An expression for the length of the base is start color #1fab54, x, start subscript, 2, end subscript, minus, x, start subscript, 1, end subscript, end color #1fab54:

Similarly, an expression for the length of the height is start color #e07d10, y, start subscript, 2, end subscript, minus, y, start subscript, 1, end subscript, end color #e07d10:

Now we can use the Pythagorean theorem to write an equation:

We can solve for start color #11accd, question mark, end color #11accd by taking the square root of each side:

That's it! We derived the distance formula!

Interestingly, a lot of people don't actually memorize this formula. Instead, they set up a right triangle, and use the Pythagorean theorem whenever they want to find the distance between two points.

## Want to join the conversation?

- who came up with this formula?(28 votes)
- The distance formula is a consequence of the Pythagorean Theorem.(57 votes)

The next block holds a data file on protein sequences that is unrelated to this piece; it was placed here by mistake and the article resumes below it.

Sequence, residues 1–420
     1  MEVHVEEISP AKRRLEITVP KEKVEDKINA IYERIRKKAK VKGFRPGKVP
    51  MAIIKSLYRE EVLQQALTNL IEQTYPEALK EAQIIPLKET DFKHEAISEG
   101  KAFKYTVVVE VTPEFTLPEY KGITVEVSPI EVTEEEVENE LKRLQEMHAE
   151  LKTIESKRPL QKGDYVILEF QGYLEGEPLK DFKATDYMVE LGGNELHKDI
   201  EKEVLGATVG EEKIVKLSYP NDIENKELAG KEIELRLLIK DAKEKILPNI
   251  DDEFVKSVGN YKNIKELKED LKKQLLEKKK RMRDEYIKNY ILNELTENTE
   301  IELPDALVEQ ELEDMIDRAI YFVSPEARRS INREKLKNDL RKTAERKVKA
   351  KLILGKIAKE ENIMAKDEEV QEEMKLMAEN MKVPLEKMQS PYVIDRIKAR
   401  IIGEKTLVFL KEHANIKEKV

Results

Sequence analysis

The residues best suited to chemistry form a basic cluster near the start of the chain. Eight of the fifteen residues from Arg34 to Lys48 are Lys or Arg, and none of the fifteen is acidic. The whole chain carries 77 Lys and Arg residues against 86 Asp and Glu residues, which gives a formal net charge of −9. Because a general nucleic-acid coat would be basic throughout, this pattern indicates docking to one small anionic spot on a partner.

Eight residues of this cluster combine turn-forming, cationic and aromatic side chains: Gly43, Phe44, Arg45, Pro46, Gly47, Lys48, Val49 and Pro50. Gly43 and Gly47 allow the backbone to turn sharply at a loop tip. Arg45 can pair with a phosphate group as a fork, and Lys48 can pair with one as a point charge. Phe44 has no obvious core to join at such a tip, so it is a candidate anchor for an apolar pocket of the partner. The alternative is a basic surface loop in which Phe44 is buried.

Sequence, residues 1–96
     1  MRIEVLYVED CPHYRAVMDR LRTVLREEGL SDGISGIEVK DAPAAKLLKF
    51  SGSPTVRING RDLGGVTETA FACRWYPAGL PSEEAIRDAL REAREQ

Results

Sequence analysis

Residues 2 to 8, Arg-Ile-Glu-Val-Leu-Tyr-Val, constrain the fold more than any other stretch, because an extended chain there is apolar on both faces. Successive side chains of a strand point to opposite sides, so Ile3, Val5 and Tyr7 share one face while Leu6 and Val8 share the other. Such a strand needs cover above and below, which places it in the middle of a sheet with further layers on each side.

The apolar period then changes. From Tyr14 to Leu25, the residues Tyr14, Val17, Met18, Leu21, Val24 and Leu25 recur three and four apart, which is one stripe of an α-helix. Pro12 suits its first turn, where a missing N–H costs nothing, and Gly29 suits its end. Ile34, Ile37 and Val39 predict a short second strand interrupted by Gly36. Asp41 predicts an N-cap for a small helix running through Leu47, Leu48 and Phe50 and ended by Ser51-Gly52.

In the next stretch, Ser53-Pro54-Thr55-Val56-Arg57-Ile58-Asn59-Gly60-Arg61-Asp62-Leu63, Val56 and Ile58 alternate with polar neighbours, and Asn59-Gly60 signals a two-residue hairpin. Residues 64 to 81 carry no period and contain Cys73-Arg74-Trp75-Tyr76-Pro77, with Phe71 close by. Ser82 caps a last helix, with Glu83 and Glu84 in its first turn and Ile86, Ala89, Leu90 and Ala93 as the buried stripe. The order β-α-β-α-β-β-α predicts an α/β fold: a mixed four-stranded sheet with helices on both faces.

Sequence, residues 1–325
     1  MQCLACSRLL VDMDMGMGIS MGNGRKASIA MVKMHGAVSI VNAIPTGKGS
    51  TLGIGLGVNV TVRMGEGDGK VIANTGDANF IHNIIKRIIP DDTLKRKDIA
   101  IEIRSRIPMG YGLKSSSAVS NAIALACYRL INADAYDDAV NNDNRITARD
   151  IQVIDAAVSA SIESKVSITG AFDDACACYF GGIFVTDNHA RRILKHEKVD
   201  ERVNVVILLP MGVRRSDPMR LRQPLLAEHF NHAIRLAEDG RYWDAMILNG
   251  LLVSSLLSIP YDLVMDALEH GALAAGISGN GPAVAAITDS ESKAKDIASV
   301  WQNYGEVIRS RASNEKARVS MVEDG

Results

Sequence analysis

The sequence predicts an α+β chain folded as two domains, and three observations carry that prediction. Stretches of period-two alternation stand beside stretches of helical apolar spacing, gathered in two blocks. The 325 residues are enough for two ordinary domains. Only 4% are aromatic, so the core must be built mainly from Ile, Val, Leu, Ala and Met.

- I still don't understand any of this... :I(9 votes)
- I haven't read any of the article on this so I really hope I don't say the exact same thing he says.... here goes:

Here is the graph I am referring to in my explanation: https://www.desmos.com/calculator/juthaysfbl

-- only look at the graph, ignore everything on the sides and bottom --

(intuitive solution, and how I learned this)

Think of the Pythagorean theorem. The formula is a^2 + b^2 = c^2 . Now, imagine two points, let's say they are (0,0) and (3,4) to keep it simple. Look at the blue line going from (0,0) to (3,0). This is the base, with a distance of 3 units. How did we find this? We took one of the x values (3) and subtracted it by the other (0). 3 - 0 = 0. Next, we must find the height. The red line represents it, and it is a length of 4 units. We found this, again, by subtracting the y values (4 - 0 = 0). We can now find the hypotenuse, if we replace a and b with the base height length, so we get 3^2 + 4^2 = c^2 (where c is the orange line, or hypotenuse). The hypotenuse is the distance of the two points.